SOCOM / Sony / Playstation 2
One of the few screens not too dark to snap a shot of


SOCOM was one of the early crop of "squad" FPS games, in which you're required to not just sneak and shoot, but manage three to seven other dudes along with you in a military operation. Obviously this genre lends itself better to online play, where (allegedly) intelligent humans can fill all these roles and communicate on the fly.

SOCOM for the PS2 does have a strong multiplayer component, which is probably its best feature. Of course, this being released in the early 2000s, all the official servers have long since gone dark. There might be some patchy fan servers you can connect to to play a handful of people by going through some jury-rigging of your PS2 and broadband, I dunno. Too much for me.

Single-player is a nightmare due mostly to terrible AI and molasses aim, though there's a number of other negative bits that we'll get to.

Let's start with the AI. The very first moments of the first mission are an indicator as to what you can expect from the game. You start out with a squad of four, one of whom is forced to follow you at all times. You're on board a ship full of Russian weapon smugglers, hiding behind some crates on the deck, a la Metal Gear Solid 2's opening. If you simply take a couple steps out into the shadows to keep an eye on some nearby guards and eavesdrop on their conversation, any number of random things can happen. Your forced companion might take it upon himself to swiftly kill both of them for you. Or he might try to kill them and botch it up, allowing one to run away and warn the others. Or he might stay stuck behind the starting crates, constantly laying down then getting up then laying down again spastically. You never know.

The game tries to emphasize sneaking, but between the shit AI companions you are forced to drag around and the generally impossible-to-sneak-all-the-way-through placement of enemies, every level I ever played degenerated into one long Rambo session pretty quickly. The game tries for the "realism" of one shot in a vital area killing you or the enemies instantly, but throws your little SEAL squad into completely unrealistic situations, expecting 4 dudes to clear an area of like 50 or 60 guys all by themselves. You aren't really punished with mission failure in most cases for going Rambo John J. , except when alerting guards might make them set off bombs or make a radio call or something that forces aborting a mission. Usually, sneaking is your secondary goal, and you just get a better "mission rating" at the end for managing to pull it off. The one problem with Ramboing the game is that the guy forced to follow you at all times is your translator, and he isn't all that bright about using cover in firefights, so if he gets killed you can't understand the enemies for the rest of the game. The only thing that balances all this out at all is that the enemies are dumb as shit too.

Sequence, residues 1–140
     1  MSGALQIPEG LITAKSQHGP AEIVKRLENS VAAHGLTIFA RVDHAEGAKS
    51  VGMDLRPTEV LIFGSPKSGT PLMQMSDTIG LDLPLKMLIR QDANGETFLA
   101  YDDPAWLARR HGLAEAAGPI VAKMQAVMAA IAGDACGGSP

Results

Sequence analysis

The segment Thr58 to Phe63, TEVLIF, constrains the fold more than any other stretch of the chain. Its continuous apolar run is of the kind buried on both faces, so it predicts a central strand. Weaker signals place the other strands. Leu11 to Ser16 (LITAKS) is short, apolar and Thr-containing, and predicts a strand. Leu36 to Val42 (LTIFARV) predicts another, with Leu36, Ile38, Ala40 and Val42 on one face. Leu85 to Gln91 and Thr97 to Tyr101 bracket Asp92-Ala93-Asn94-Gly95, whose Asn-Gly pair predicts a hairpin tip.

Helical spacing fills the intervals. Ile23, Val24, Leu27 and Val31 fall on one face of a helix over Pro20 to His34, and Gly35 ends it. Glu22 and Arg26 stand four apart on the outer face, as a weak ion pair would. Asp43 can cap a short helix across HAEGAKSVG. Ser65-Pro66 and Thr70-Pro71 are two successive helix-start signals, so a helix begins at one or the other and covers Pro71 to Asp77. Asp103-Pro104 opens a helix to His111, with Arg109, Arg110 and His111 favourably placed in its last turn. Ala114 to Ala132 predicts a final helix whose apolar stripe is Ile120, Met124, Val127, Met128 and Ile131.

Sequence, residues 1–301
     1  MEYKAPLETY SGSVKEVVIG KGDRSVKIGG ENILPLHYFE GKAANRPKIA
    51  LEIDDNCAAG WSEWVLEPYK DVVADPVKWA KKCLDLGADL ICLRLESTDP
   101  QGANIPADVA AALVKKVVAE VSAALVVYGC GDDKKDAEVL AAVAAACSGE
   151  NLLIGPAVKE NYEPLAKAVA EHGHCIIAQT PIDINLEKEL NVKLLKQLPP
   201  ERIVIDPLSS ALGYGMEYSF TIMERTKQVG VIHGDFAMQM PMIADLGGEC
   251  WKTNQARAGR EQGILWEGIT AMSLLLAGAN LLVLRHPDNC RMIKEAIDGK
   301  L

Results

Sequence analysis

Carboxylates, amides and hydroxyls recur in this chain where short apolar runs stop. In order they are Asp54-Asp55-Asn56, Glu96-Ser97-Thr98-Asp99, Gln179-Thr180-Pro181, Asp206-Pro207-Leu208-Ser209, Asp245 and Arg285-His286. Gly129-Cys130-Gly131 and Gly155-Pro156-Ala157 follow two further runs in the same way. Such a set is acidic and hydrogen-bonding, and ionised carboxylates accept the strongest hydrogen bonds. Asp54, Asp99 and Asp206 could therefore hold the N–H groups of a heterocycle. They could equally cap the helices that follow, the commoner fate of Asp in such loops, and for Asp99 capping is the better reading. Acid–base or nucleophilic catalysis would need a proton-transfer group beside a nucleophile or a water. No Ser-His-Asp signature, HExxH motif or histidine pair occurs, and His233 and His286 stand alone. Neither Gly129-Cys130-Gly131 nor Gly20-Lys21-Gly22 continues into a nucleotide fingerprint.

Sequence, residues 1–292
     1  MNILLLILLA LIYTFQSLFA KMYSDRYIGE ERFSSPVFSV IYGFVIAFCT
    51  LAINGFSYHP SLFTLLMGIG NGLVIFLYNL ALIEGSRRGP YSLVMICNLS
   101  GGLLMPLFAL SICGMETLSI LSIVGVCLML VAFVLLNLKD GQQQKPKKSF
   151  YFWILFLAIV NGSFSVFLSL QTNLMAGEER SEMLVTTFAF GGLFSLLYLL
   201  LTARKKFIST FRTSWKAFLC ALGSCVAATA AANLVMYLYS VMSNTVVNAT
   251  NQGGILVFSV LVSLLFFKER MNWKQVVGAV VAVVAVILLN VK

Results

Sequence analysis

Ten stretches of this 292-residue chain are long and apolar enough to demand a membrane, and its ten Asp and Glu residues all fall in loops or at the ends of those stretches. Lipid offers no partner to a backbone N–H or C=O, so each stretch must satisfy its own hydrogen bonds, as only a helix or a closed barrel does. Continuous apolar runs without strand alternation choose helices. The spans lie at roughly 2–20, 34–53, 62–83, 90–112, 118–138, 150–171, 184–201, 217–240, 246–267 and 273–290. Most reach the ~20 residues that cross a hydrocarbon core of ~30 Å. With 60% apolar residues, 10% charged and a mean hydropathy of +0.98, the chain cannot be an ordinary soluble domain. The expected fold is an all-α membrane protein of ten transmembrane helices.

Dark, murky environments and a scrunched and low-detail HUD for weapons and items doesn't help the action either. In terms of graphics SOCOM was lagging behind the times for 2003, looking more like the caliber of a 1999 PC game. It's hard to tell at even a short distance if a crouched soldier facing the other way is one of your grey-clad SEALs or one of the grey-clad enemies, and if you put your sights on them to identify them, your companions might merrily pop away at them ruining whatever planned approach you were going for.

Molasses aim and a generally unintuitive layout of basic moves on the gamepad also hampers navigation, especially when there's such a razor-thin margin of error in this game with the overwhelming odds against you and the one-shot kills. The levels basically come down to a plodding routine of "repeat and die over and over until you know exactly what's coming next all the way through. And then hope the AI doesn't go retarted on you at a critical moment."

This is the danger of emphasizing multiplayer on a console that you don't plan to maintain a consistent, enduring online network for, and making the single-player experience an afterthought. Once the network goes down the game is basically worthless. Unlike, say, Counter-Strike on the PC, which came out years before this, and still has a massive user base playing it in 2011 and likely will for years to come.


Videos :

* Gameplay Video
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